Wedge issues work.
Wedge issue allow voters to
avoid thinking of themselves
You totally nailed it. THX
In a different NJ race…
Stephen Sweeney, N.J. Senate President, Loses to Republican Truck Driver
Mr. Sweeney, the second most powerful lawmaker in New Jersey and a Democrat, lost his bid for re-election to Edward Durr, a driver for a furniture chain.
Two things. VA elected a black republican woman who posed with an rifle that mimic’s an assault weapon.
VA since the 60 has elected for governor the opposite party that is in the presidents office.
It was not just the education thing. That was the most visible and easy piece to leverage.
Yeah, that woman defeated Hala Ayala.
Meanwhile, there is no doubt whatsoever what caused this result.
The racial concentration of this movement toward Youngkin was one sign that CRT, as an ethnic appeal, was working. Another sign was that his 12-point improvement among white voters on education was bigger than his improvement among white voters on any other issue, including jobs, taxes, and law enforcement. Youngkin’s gains on education were concentrated among white people, and his gains among white people were concentrated in education. In fact, on the question of “who do you trust more on education,” the gap between white voters and Black voters grew more in those two months than did the gap between Democrats and Republicans. Race, not party, was driving the polarization.
The network exit poll, released on Nov. 2, showed the same pattern. Youngkin got 62 percent of the white vote and 13 percent of the Black vote, a gap of 49 points. But among voters who said parents should have a lot of “say in what schools teach”—about half the electorate—he got 90 percent of the white vote and only 19 percent of the Black vote, a gap of 71 points. The idea that parents should have more say in the curriculum—Youngkin’s central message—had become racially loaded. And the loading was specific to race: Other demographic gaps for which data were reported in the exit poll—between men and women, and between white college graduates and whites who hadn’t graduated from college—get smaller, not bigger, when you narrow your focus from the entire sample to the subset of voters who said parents should have a lot of say in what schools taught. Only the racial gap increases.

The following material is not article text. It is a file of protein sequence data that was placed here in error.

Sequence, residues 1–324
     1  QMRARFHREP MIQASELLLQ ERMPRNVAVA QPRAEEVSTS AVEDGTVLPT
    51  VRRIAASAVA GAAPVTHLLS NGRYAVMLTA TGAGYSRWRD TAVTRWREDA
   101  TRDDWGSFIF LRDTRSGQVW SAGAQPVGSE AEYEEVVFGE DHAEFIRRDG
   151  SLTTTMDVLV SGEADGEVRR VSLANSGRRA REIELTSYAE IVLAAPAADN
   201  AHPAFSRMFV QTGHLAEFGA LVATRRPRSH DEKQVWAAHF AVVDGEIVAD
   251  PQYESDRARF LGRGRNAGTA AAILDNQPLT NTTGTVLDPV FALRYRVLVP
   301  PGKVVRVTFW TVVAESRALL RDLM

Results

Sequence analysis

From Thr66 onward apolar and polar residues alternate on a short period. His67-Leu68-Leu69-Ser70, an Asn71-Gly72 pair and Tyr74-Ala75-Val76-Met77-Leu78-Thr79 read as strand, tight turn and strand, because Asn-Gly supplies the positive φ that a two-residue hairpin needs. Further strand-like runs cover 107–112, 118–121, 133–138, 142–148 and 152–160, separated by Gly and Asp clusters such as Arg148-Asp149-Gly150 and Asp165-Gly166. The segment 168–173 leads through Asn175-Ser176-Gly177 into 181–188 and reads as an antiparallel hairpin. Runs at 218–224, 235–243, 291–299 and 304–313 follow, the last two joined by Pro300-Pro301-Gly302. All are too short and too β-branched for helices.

The exit poll didn’t ask voters about CRT, but it did ask about confederate monuments on government property. Sixty percent of white voters said the monuments should be left in place, not removed, and 87 percent of those voters went to Youngkin. That was 25 points higher than his overall share of white voters. The election had become demonstrably polarized, not just by race but by attitudes toward the history of racism. All the evidence indicates that Youngkin’s attacks on CRT played a role in this polarization.
So, yes, there was a backlash against “critical race theory” in Virginia. And, yes, it helped Republicans win. Their strategy of hyping, distorting, and attacking CRT worked. But it didn’t work by appealing to parents. It worked by appealing to race.”